The French call it “professional deformation,” the way institutions filter and shape information and events to fit institutional orthodoxy, interests, and ideology. Professional knowledge then becomes a stencil applied to reality, hiding information that doesn’t fit the institution’s received wisdom, and leaving a neat pattern that is then taken for the whole of reality. In foreign policy, this bad habit abets the failure of imagination that leads to disaster.
Our decades-long bungling in the Middle East is a good example of this phenomenon. For years our foreign-policy establishment has looked on disorder and conflict in this region through a Western paradigm that has downplayed or ignored other motives and beliefs, and failed to imagine worldviews radically alien from our own. Thus this paradigm is based on questionable assumptions, such as economic development, anti-colonialism, and nationalist self-determination as the prime movers of social and political unrest. Western colonial empires and then post-colonial interference, so the story goes, had brutally suppressed nationalist aspirations for autonomy and freedom. Economic development had likewise been thwarted to serve the colonizers’ own interests, leading to poverty and lack of opportunity that feed despair and drive the oppressed to violence. Get the neo-imperialists out, create democratic institutions, aid economic development, and all will be well. Peace, prosperity, international cooperation, and global order will follow.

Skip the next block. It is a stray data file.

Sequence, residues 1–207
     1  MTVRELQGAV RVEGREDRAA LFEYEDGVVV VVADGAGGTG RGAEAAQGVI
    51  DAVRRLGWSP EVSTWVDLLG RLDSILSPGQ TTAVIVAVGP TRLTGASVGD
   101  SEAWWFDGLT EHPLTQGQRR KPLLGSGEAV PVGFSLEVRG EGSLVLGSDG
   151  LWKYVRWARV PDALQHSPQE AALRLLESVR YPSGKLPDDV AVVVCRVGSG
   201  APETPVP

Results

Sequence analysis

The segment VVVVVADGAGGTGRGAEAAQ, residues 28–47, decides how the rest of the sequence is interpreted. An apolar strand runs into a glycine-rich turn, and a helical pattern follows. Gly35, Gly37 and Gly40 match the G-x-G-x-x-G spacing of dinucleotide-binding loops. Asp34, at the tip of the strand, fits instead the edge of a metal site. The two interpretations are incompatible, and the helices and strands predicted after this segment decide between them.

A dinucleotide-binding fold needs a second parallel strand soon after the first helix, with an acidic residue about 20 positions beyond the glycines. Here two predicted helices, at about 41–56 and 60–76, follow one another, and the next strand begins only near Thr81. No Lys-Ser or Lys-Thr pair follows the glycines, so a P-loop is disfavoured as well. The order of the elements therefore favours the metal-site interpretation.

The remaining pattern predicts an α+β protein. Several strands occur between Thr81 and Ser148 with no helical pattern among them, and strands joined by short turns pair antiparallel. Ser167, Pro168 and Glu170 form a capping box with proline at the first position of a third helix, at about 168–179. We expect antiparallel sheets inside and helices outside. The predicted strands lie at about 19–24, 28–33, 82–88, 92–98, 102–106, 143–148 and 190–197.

The failure to properly understand the 1979 Iranian revolution reflected this institutional bias through which events were filtered. For many in the foreign policy establishment, hatred of the Shah was the consequence of his brutal repression of the people’s liberal aspirations. The Shah was a neo-imperialist, neo-colonialist puppet who subordinated the good of the people to his own power and privilege, and to the geopolitical and economic interests of the United States. The revolution thus was an understandable attempt at liberation from an alien oppressor and its stooge, and the establishment of a consensual government that recognized nationalist self-determination promoted a more just economic development and protected human rights.
What the foreign policy stencil missed was the potent role of Islamic religious belief in toppling the Shah. The faithful hated the Shah not because he stifled liberal and nationalist aspirations, but because his modernization and secularization policies threatened Islam. The issue wasn’t that brutality and autocracy were wrong on principle, but that they were in the hands of the wrong person. After all, the mullahs killed more in one year than the Shah had in 25. This discontent of the religious class hungry for power, however, was rationalized or ignored by many in the West in favor of the presumed interests of Westernized intellectuals, secularists, and technical elites. The sermons and books of the real prime mover of the revolution, the Ayatollah Khomeini, were brushed aside, his calls for jihad and shari’a ignored. Instead, Carter’s national security advisor Zbigniew Brzezinski counseled that relations with Muslim countries should be based on “shared interests,” and that “our support for a world of diversity, and our commitment to social justice” would “deepen our dialogue” with Muslims. But Western shibboleths like “social justice” and “diversity” were meaningless to an Islamic worldview in which Muslims are the “best of nations,” infidels are to be converted or destroyed rather than tolerated, and “social justice” means an illiberal and intolerant shari’a law. Nor did economics or nationalism cut any ice with Khomeini, who explicitly said the revolution was not about lowering “the price of melons,” and that he was willing to “let Iran burn” in order to “export our revolution to the whole world.”